Recommendation 11 states that doctors should ensure that patients are involved in understanding the nature of their problems, "within the limits of their capacities". We consider that referring to "the limits of their capacities" sounds condescending (a view already expressed in the 15 November 2007 submission made by this Office on the then review of the NZMA Code of Ethics). We recommend that the proviso to this recommendation be amended, so that the recommendation is that doctors should ensure, as far as possible, that patients are involved in understanding the nature of their problems. If a patient has limited capacity, a doctor should take steps to provide information in a form, language and manner appropriate to the patient to assist the patient to understand.

Recommendation 12 states that doctors should, "within reason, provide adequate information to their patients about their assessment and available treatments". This recommendation falls short of the legal standard under the Code of Health and Disability Services Consumers' Rights 1996 (the Code) to ensure that consumers are fully informed. We consider that, to avoid confusion, the ethical standard in relation to information provision should equate with the legal standard. Accordingly, we recommend that the NZMA remove the words "within reason" from Recommendation 12. We also recommend that the ambit of the obligation be extended beyond only the provision of information about the doctor's assessment and treatment options to include all information that the consumer needs to make an informed choice and give informed consent, as per Right 6 of the Code.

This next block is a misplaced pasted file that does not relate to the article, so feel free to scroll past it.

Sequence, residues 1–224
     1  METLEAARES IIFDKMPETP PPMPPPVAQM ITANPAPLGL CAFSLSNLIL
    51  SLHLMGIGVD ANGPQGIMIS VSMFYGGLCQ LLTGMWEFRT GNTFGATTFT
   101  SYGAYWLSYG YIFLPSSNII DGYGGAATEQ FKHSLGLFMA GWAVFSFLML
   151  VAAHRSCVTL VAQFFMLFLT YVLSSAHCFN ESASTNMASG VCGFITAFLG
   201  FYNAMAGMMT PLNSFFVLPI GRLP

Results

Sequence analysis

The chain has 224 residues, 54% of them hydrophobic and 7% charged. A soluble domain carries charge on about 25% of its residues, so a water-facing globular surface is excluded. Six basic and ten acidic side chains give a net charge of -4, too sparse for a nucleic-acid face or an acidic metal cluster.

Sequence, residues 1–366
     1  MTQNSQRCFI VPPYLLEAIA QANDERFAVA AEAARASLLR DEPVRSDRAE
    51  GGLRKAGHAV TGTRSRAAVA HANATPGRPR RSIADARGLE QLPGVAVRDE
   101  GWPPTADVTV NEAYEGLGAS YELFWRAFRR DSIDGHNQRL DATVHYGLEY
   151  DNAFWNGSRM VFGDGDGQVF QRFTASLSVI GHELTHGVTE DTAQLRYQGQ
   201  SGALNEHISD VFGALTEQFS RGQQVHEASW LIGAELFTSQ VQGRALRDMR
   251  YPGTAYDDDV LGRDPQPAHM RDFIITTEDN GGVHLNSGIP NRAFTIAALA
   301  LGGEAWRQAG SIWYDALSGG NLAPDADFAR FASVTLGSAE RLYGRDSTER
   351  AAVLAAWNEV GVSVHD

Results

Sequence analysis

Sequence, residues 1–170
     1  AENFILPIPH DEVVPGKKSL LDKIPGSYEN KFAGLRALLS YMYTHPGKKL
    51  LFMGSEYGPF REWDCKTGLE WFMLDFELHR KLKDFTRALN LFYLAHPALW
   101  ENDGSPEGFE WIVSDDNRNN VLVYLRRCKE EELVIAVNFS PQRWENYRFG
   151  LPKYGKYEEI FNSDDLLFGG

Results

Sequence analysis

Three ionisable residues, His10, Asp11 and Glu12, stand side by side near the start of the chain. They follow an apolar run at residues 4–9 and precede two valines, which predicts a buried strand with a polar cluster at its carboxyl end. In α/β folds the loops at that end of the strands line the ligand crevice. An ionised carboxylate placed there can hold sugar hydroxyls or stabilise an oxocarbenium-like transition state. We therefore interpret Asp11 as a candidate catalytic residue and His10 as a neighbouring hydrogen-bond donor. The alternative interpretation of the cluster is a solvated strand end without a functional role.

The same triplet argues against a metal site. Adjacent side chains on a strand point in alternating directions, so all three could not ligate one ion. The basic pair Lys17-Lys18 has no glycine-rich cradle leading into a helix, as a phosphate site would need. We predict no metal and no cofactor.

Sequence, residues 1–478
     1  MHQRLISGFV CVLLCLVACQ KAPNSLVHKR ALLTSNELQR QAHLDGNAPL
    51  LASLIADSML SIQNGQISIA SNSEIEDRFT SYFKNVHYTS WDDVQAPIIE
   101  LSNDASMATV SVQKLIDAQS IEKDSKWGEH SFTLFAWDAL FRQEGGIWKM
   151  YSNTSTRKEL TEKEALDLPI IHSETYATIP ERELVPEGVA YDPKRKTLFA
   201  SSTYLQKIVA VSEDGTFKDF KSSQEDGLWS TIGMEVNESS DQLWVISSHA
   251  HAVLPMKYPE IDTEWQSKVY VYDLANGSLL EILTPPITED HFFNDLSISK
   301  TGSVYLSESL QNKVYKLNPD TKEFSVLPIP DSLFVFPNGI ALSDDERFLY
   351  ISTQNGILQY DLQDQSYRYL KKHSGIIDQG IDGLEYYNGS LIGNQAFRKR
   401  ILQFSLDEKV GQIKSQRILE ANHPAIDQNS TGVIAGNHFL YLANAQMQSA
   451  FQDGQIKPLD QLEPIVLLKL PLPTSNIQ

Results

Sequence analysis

Recommendation 22 - assistance with benefits

It would be helpful if this recommendation is extended to specify that doctors have a responsibility to assist patients in making ACC claims or applying for benefits by providing required information in a timely manner, and assisting in the completion of the forms.

Recommendation 23 - remote consultation

This newly proposed recommendation provides that, when undertaking remote consultation, a doctor should always exercise their judgement as to whether diagnosis and treatment by this means is appropriate. We support the inclusion of this new recommendation. In a recent case, the Commissioner found a doctor in breach of Right 4(1) of the Code for prescribing codeine to his patient over the telephone, without first establishing that the patient had a known allergy to codeine, and for prescribing antibiotics to the same patient over the telephone without first undertaking a clinical review of the patient. The doctor's management of his patient in that case illustrates the potential risk of managing a patient without access to relevant clinical data.